Kickboxing training that takes place at a martial arts studio typically requires protective gear. You may need boxing gloves (beginners may want 12-ounce or heavier gloves for more cushioning) and hand wraps that protect and support your hands under the gloves while you punch the bag. If your kickboxing training includes sparring with opponents, you’ll need a mouthguard and any protective head and body gear your studio requires. Always be sure to bring plenty of water, too.

How much is a boot camp?

The cost of fitness boot camps depends on how often you go, the package you are purchasing (or if you are paying a drop-in fee), the location of the bootcamp, the equipment the instructors provide, and the background and reputation of the instructor. Smaller towns and areas with a lower cost of living typically have lower rates for boot camp services than big cities and regions with a higher cost of living. If you’re paying per class on a drop-in basis, expect to pay anywhere from $12 to $25 or more, depending on the region and the instructor. When you purchase a package of classes, typically the more you buy at one time, the cheaper each class is. The same boot camp class might be $20 for a drop-in student, $15 for a student who pays for 10 classes per month, and $10 for a student who pays for 30 classes a month. Studio space can also affect costs, so if your boot camp takes place in a high-end gym with top-of-the-line equipment, the prices will likely be higher than a class that meets in an outdoor space with limited or no equipment. Shop around to find the right type of boot camp class and the right instructor for you.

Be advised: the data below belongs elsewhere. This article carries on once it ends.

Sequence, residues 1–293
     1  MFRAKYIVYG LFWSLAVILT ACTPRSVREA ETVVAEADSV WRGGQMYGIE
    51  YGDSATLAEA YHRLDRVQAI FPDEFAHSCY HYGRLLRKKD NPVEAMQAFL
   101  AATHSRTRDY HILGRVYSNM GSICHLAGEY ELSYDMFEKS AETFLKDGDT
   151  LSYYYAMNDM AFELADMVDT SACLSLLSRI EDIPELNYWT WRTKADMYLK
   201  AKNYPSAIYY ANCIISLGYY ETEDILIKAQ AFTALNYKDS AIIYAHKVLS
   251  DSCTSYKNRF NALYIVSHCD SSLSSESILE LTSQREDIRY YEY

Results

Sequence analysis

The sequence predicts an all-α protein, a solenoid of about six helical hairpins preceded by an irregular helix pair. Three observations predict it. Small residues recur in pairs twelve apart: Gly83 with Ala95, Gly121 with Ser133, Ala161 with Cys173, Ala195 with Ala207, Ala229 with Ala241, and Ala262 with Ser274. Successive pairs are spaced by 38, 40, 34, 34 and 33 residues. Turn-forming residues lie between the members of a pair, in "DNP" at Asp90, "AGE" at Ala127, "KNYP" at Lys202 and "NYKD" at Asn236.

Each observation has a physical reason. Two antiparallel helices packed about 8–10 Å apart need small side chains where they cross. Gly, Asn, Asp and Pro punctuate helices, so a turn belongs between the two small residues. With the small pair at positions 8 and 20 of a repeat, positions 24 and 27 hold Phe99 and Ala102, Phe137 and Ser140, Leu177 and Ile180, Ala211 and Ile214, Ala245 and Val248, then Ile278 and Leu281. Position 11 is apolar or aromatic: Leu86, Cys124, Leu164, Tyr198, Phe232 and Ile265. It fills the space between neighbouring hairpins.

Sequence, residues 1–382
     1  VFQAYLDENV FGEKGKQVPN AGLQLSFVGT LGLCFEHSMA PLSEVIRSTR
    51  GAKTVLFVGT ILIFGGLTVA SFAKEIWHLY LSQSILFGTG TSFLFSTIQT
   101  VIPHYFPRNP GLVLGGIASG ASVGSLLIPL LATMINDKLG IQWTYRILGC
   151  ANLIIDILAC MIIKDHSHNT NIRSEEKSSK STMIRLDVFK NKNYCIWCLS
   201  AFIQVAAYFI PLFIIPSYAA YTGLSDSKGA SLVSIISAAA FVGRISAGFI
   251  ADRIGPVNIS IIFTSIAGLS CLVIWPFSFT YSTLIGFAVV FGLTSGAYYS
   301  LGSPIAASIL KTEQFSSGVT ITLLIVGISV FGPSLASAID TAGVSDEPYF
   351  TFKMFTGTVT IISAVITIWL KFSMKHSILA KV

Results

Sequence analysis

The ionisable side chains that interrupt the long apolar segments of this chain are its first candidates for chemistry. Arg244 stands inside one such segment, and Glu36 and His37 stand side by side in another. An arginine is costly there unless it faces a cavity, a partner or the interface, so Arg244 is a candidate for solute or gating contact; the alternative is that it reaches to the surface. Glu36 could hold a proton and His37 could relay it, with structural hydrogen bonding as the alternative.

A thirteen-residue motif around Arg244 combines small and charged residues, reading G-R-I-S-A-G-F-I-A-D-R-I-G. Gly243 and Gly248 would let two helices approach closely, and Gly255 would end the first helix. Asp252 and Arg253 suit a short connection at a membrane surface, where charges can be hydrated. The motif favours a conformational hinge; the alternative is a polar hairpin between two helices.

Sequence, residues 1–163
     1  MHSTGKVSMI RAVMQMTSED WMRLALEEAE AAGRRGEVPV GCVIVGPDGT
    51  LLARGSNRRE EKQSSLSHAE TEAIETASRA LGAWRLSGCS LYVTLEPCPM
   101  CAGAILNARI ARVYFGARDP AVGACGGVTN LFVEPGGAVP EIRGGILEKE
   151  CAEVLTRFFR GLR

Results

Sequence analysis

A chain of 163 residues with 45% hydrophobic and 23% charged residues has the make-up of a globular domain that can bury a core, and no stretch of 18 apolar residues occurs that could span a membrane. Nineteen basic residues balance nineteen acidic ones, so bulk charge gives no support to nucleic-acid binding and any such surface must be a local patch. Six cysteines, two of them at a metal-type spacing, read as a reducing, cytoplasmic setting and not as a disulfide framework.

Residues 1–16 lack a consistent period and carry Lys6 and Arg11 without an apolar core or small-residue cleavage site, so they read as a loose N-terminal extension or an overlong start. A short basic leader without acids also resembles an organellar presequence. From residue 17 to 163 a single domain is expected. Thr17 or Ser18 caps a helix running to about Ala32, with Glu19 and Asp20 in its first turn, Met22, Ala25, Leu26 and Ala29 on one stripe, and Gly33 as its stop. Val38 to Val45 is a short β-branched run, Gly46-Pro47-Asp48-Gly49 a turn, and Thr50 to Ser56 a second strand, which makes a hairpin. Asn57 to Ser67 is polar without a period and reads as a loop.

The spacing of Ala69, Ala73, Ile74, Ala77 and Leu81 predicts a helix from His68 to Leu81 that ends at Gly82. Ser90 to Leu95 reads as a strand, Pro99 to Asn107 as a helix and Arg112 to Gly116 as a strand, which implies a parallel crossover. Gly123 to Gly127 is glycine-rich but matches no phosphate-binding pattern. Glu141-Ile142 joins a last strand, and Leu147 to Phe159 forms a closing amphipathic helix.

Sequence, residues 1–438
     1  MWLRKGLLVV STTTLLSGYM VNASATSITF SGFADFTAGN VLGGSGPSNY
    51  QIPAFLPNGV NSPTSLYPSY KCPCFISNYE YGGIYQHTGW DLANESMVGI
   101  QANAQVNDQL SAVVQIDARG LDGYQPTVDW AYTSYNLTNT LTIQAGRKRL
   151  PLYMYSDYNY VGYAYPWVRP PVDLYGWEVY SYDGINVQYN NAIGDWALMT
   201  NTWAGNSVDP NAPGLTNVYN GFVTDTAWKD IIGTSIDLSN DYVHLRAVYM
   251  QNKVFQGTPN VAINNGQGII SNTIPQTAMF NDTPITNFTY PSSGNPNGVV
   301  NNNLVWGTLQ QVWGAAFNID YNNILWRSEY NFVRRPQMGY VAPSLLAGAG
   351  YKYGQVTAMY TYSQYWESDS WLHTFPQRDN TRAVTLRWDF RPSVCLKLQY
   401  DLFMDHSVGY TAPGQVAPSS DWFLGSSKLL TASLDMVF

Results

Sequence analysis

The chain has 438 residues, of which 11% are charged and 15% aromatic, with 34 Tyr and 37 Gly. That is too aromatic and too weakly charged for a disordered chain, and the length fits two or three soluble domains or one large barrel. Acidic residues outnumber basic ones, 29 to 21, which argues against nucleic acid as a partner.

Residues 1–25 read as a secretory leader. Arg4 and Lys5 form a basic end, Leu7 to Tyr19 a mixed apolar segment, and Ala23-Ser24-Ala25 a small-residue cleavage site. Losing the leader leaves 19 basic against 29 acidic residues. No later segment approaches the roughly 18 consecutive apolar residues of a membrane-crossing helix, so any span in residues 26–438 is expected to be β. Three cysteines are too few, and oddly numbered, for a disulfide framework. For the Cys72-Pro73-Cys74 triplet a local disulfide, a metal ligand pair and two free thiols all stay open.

What do you need for kickboxing?

What you need to bring to kickboxing depends on where you are working out and what your goals are. For a gym or fitness club’s cardio-based group kickboxing class that does not use punching bags, you generally need only appropriate workout gear and enough water. For kickboxers who are training in a martial arts studio, working one-on-one with a trainer toward a specific goal or sparring with competitors, you will need your own boxing gloves (12- to 16-ounce gloves provide more protection for beginners) and hand wraps (to protect and support your hands under the gloves, as well as keep them dry). If your lessons are in a martial arts studio, you may not be permitted to wear shoes, so bring clean socks if you don’t like to go barefoot. If your training includes sparring, you may be required to wear a mouthguard and/or protective headgear. Whether you’re in a group fitness class or hardcore training session, bring a sweat towel for your comfort and the comfort of people around you.